Unlike ivory or celluloid, which fades, or even other modern plastics, such as polyester resin pool balls, a phenolic pool ball can last decades.
Polyester resin pool balls have been around for years, and while they’re not as long-lasting as phenolic pool balls, they’re great for beginners or casual players who’re just looking to keep costs down.
While a pool ball made of phenolic resin can last for literally decades, polyester balls often last no more than eight years or around 80,000 impacts. If you’re just learning the game of pool or are looking for your first set of pool balls, polyester is a great option.
You’re still getting a quality pool ball; it just won’t last forever and can be prone to discoloration and wear and tear. Many bar or low-end pool hall operators will use a polyester resin ball to decrease costs.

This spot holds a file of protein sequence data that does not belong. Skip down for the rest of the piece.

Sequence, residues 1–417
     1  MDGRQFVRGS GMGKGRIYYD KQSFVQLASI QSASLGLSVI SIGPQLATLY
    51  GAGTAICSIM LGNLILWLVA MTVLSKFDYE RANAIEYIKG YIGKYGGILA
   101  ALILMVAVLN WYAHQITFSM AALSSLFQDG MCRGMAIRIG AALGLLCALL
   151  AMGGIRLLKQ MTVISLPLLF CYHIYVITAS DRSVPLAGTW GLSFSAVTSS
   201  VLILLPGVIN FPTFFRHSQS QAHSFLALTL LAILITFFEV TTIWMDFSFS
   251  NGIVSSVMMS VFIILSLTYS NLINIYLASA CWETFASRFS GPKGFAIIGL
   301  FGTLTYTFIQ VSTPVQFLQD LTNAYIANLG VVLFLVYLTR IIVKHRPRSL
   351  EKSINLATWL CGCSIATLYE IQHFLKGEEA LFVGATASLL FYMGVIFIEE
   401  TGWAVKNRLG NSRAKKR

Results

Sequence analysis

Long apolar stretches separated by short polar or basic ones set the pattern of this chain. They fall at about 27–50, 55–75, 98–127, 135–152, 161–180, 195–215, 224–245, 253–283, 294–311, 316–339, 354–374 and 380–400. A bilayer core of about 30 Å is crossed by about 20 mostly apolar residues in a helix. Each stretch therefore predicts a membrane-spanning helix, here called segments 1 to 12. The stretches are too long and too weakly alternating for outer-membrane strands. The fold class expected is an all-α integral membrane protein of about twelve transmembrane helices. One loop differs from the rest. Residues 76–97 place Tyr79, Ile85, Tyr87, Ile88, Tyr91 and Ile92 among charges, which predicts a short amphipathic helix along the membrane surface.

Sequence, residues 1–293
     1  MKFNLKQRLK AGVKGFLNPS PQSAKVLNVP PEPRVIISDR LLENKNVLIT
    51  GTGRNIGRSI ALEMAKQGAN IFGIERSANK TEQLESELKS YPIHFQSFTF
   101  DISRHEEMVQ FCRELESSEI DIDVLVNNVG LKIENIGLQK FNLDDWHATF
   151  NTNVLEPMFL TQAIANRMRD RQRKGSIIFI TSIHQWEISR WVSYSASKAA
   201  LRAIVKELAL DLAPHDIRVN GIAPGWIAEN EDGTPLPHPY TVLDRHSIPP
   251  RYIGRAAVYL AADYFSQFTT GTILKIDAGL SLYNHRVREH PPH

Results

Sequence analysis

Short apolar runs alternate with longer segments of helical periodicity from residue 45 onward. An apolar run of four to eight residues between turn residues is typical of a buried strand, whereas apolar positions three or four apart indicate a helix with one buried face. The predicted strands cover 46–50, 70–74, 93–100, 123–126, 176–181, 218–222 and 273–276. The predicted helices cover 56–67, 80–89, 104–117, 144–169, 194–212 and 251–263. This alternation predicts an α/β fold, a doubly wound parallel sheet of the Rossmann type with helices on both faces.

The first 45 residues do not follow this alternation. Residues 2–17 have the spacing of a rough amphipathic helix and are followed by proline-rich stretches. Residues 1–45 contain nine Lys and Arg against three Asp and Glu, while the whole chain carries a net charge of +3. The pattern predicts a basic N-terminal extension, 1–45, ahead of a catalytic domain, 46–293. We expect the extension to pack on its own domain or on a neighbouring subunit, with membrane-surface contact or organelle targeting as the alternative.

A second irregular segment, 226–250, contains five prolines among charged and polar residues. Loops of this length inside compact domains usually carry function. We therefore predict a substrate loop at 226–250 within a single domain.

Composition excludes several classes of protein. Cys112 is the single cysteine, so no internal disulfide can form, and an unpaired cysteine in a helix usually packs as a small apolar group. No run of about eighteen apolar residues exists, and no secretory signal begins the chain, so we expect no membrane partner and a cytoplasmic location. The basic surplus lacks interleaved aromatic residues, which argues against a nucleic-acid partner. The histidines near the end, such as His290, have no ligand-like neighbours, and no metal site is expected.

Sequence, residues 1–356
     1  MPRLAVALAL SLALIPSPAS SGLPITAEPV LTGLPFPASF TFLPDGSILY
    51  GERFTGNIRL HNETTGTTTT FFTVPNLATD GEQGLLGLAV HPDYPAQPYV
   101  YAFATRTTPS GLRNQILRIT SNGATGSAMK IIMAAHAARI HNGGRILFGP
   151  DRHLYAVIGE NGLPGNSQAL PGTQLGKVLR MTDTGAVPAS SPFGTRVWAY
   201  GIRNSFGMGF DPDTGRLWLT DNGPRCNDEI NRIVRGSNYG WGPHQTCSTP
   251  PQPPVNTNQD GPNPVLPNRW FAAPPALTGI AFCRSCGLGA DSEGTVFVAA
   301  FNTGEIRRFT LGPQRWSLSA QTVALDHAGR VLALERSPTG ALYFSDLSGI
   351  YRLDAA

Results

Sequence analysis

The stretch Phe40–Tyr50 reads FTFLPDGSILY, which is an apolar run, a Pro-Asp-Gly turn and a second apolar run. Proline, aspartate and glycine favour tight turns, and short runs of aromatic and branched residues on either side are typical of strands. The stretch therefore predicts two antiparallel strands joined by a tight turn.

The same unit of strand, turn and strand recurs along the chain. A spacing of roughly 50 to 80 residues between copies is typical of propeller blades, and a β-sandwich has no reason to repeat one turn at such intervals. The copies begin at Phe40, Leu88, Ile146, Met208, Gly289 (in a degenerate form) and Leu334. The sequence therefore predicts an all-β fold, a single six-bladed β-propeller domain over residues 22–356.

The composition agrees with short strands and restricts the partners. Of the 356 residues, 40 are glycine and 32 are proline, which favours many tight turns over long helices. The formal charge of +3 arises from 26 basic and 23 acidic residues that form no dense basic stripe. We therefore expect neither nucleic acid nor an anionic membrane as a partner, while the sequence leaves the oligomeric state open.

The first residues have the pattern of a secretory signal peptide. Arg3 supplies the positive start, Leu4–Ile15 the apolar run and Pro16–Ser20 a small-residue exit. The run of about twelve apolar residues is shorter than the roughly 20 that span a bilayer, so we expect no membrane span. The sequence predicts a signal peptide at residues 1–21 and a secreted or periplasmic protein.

I learned to play pool using a set of polyester resin pool balls, and sometimes still use them. Moving on to phenolic pool balls will be a natural upgrade as your skill level increases or as you upgrade your equipment.
Your skill as a pool player, the quality of your cue, and the standard of table you’re playing on don’t mean a whole lot without quality pool balls. Chipped, worn pool balls make every shot a risk, so you’ll need to know which ones are the best.
Undoubtedly, phenolic pool balls, especially from a reputable company such as Aramith or Dynasphere, are the best option for serious players. Long-lasting and incredibly accurate, there’s often less than 1.5 grams of difference between any ball in a set.
Polyester pool balls are a low-cost, solid option for learning the game or for casual use, and can last around eight years.
As ivory is no longer an option, your choice is between top-grade phenolic resin pool balls or polyester.
As always, Happy Shooting!